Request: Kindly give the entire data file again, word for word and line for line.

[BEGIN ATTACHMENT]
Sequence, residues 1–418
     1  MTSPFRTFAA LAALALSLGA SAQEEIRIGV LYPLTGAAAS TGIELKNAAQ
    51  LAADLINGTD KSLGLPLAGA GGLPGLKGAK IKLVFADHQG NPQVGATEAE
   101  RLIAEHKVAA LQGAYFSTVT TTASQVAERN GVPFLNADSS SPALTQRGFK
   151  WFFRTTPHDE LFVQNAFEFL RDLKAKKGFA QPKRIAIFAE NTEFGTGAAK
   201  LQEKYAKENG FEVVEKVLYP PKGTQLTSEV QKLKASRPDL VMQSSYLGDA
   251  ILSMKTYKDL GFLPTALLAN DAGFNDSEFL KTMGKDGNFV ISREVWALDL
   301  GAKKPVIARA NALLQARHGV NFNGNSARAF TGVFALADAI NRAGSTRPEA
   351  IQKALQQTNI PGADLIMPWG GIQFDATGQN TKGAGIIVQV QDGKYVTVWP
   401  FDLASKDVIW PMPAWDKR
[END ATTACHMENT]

Sequence, residues 1–418
     1  MTSPFRTFAA LAALALSLGA SAQEEIRIGV LYPLTGAAAS TGIELKNAAQ
    51  LAADLINGTD KSLGLPLAGA GGLPGLKGAK IKLVFADHQG NPQVGATEAE
   101  RLIAEHKVAA LQGAYFSTVT TTASQVAERN GVPFLNADSS SPALTQRGFK
   151  WFFRTTPHDE LFVQNAFEFL RDLKAKKGFA QPKRIAIFAE NTEFGTGAAK
   201  LQEKYAKENG FEVVEKVLYP PKGTQLTSEV QKLKASRPDL VMQSSYLGDA
   251  ILSMKTYKDL GFLPTALLAN DAGFNDSEFL KTMGKDGNFV ISREVWALDL
   301  GAKKPVIARA NALLQARHGV NFNGNSARAF TGVFALADAI NRAGSTRPEA
   351  IQKALQQTNI PGADLIMPWG GIQFDATGQN TKGAGIIVQV QDGKYVTVWP
   401  FDLASKDVIW PMPAWDKR